Five data sets whose spatial characteristics were predetermined were also included for comparison. The artificial data sets (where n is the number of individuals, *λ* is the density m^{-2}) had distributions that were Poisson (n = 100, *λ* = 1), uniform – regular lattice (n = 100, *λ* = 1), hexagonal – regular triangular (n = 100, *λ* = 0.9), first-order clumped (n = 100, *λ* = 1.1, number of offspring per parent (nop) = 10, clump radius (cr) = 0.5 m) and second order clumped (n = 100, *λ* = 2.1, nop = 10, cr = 0.5 m). The Poisson or random pattern was created by generating the required number of random coordinates within the designated area. The uniform data set was generated by first dividing the area into a grid of rectangles, the same number as the population size. One population member was randomly located within each grid cell. The hexagonal pattern was generated so that population members were located at the vertices of a lattice of equilateral triangles. For the clumped data sets, the required number of clump centers was randomly created within the designated area. In addition to the clump center point, offspring for the clumps were located within a designated radius from the parent. These offspring were located within the clump about the parent using coordinates randomly generated using a standard bivariate normal distribution. For the second order clumping, the individuals in the clump are used for parent points. The two individuals of the sub-clumps include the parent plus offspring points, which are randomly generated from the standard bivariate normal distribution. The radius for the sub-clump is limited to half that for the clump. The second order clumping approximates the situation that can occur with rodent damage in field crops.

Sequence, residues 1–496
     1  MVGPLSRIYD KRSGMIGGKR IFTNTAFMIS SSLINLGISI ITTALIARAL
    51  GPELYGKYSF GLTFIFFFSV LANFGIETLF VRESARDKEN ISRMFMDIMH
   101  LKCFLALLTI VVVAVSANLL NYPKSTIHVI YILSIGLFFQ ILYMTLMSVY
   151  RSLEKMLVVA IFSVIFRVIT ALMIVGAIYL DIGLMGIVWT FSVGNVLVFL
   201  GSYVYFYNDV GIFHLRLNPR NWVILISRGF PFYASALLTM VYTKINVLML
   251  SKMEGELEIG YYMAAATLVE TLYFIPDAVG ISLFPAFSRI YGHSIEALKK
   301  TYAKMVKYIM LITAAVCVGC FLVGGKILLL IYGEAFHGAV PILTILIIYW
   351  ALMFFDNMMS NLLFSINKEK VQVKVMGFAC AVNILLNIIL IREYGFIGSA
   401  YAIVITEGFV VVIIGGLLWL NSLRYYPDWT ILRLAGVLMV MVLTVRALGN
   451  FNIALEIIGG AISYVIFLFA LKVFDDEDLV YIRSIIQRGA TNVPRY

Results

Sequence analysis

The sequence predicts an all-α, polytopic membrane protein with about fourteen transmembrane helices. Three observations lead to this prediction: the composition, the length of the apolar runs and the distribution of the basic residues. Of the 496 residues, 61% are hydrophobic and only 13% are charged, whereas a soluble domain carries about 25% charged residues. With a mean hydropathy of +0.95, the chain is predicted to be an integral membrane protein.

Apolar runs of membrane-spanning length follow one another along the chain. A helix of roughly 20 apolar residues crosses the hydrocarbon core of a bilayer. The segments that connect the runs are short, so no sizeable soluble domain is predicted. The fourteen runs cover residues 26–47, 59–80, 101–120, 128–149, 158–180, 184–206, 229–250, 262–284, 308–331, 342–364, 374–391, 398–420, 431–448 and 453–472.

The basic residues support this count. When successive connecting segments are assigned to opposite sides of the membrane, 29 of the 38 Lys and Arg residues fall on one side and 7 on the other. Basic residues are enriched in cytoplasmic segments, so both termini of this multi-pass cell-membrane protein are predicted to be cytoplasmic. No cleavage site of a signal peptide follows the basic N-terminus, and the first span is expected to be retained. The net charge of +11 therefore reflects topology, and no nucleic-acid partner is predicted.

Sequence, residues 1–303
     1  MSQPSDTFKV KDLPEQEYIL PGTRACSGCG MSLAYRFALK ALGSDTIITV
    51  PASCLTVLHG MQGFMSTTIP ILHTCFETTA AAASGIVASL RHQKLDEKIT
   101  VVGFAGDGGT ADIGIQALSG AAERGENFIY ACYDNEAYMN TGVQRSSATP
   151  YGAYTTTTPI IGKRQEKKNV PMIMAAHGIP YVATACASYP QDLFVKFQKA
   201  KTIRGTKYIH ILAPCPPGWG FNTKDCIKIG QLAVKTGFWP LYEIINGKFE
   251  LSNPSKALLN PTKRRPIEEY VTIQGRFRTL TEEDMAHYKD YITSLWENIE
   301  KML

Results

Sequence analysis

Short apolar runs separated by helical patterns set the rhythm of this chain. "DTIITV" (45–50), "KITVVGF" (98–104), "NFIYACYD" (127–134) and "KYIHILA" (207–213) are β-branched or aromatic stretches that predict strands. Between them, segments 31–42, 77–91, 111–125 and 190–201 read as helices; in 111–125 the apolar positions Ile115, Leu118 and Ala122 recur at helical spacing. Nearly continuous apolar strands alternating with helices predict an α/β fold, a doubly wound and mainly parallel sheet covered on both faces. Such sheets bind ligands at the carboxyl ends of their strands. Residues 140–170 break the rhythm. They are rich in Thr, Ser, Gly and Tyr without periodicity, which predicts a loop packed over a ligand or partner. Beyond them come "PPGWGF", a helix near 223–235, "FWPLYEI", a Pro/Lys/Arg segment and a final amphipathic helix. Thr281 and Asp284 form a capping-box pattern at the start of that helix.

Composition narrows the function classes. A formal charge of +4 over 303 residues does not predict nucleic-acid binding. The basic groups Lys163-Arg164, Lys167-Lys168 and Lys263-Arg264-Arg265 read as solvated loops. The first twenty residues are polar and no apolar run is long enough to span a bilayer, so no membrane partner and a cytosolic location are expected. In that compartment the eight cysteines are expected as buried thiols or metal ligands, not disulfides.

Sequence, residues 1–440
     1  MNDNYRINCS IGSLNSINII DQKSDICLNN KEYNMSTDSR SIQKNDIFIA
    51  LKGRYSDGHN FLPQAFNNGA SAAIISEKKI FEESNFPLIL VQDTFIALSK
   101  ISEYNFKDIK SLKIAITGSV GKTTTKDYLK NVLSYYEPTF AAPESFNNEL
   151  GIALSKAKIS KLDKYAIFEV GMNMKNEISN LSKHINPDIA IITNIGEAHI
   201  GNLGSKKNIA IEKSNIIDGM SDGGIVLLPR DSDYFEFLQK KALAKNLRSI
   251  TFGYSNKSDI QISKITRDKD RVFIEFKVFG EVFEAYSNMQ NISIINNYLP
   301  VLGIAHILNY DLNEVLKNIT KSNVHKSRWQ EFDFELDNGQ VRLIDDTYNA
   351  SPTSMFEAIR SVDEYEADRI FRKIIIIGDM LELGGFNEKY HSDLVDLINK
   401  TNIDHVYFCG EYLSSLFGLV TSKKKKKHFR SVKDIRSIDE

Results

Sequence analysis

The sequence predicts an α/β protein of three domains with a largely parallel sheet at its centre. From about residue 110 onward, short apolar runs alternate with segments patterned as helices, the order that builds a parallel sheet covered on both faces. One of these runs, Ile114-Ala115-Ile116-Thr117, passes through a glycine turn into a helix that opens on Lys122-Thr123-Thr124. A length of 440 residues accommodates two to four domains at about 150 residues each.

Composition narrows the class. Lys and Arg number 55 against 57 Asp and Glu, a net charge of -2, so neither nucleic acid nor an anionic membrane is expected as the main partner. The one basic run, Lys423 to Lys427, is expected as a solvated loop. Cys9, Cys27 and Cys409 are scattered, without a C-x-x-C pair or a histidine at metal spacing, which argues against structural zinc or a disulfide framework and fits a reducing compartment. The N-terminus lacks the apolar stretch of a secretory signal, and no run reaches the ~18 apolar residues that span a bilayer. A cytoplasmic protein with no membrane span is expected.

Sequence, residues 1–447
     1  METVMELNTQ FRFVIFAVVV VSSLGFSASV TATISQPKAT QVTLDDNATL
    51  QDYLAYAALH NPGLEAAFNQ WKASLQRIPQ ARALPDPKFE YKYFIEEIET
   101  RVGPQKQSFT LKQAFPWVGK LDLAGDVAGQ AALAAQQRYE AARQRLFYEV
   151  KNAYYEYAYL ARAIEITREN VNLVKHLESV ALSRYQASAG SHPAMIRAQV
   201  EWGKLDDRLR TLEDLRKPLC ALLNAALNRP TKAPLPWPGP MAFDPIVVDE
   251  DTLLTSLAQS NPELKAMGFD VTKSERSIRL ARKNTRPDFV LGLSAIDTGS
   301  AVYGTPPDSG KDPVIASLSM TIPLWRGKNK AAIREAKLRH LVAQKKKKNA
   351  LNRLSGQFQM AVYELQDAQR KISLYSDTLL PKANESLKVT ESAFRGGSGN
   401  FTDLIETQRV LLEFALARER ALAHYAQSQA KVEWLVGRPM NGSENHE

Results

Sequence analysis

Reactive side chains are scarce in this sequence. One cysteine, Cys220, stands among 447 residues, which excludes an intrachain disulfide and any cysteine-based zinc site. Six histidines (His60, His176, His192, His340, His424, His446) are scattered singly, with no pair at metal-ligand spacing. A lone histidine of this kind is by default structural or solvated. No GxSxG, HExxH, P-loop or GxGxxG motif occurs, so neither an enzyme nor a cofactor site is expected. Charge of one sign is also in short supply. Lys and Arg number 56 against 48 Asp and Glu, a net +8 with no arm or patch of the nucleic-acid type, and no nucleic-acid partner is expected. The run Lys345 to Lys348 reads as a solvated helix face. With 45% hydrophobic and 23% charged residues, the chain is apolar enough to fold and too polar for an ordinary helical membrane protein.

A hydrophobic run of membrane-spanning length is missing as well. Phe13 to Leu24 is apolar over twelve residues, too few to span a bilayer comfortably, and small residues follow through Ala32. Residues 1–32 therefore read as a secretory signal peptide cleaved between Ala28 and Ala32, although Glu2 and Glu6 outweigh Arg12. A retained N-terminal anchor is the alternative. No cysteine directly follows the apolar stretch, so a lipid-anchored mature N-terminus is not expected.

### Statistics

*I*is the number of simulations (5000), D

_{ est }is the estimated density and

*λ*is the true density in the population, such that:

R index, standard error of expected mean, s, and z statistic [13] for the data sets used. When the pattern is entirely random R = 1, if the events are uniform then R > 1 (R = 2.149 for a perfect hexagonal uniform distribution) and conversely when the population of events is clumped R < 1 (R approaches 0 for maximally clumped distribution). The z test statistic considers the null hypothesis that the spatial distribution is random. Data sets comparable to those generated in [1] in italics.

Dataset | R | s | z | Pattern |
---|---|---|---|---|

| 2.15 | 0.003 | 76.53 | Uniform |

Rice 3 | 1.41 | 0.002 | 39.57 | Uniform |

PG 92 | 1.36 | 0.067 | 6.16 | Uniform |

Bee-eater | 1.34 | 0.086 | 8.17 | Uniform |

PG 93 | 1.3 | 0.077 | 4.9 | Uniform |

| 1.25 | 0.003 | 17.34 | Uniform |

Rice 1 | 1.08 | 0.004 | 6.12 | Uniform |

Rice 5 | 1.04 | 0.016 | 0.99 | Random |

| 0.98 | 0.003 | -1.1 | Random |

Rice 4 | 0.94 | 0.013 | -1.59 | Random |

Xanth | 0.89 | 0.017 | -4.3 | Clumped |

Corn 1 | 0.88 | 0.014 | -8.69 | Clumped |

Rice 2 | 0.88 | 0.019 | -2.43 | Clumped |

Sugar 1 | 0.83 | 0.002 | -8.15 | Clumped |

| 0.8 | 0.003 | -14.79 | Clumped |

| 0.8 | 0.002 | -16.34 | Clumped |

Sugar 3 | 0.76 | 0.003 | -9.45 | Clumped |

Corn 2 | 0.75 | 0.039 | -11.12 | Clumped |

Sugar 4 | 0.7 | 0.011 | -6.57 | Clumped |

Waterfowl | 0.65 | 0.007 | -12.6 | Clumped |

Sugar 2 | 0.64 | 0.013 | -7.32 | Clumped |

Corn 3 | 0.47 | 0.043 | -21.97 | Clumped |

_{ O }is the average observed nearest neighbor distance, r

_{ i }is the nearest neighbor distance to the i

^{ th }sample point and n is number of nearest neighbor distances measured;

_{ E }is the expected nearest neighbor distance for a random pattern of events;

_{ E }

A Spearman (rank) correlation coefficient was calculated between the log of (*λ*) and the log of D_{
est
}for AO3Q, BDAV3, KM2P and VAT across all natural data sets.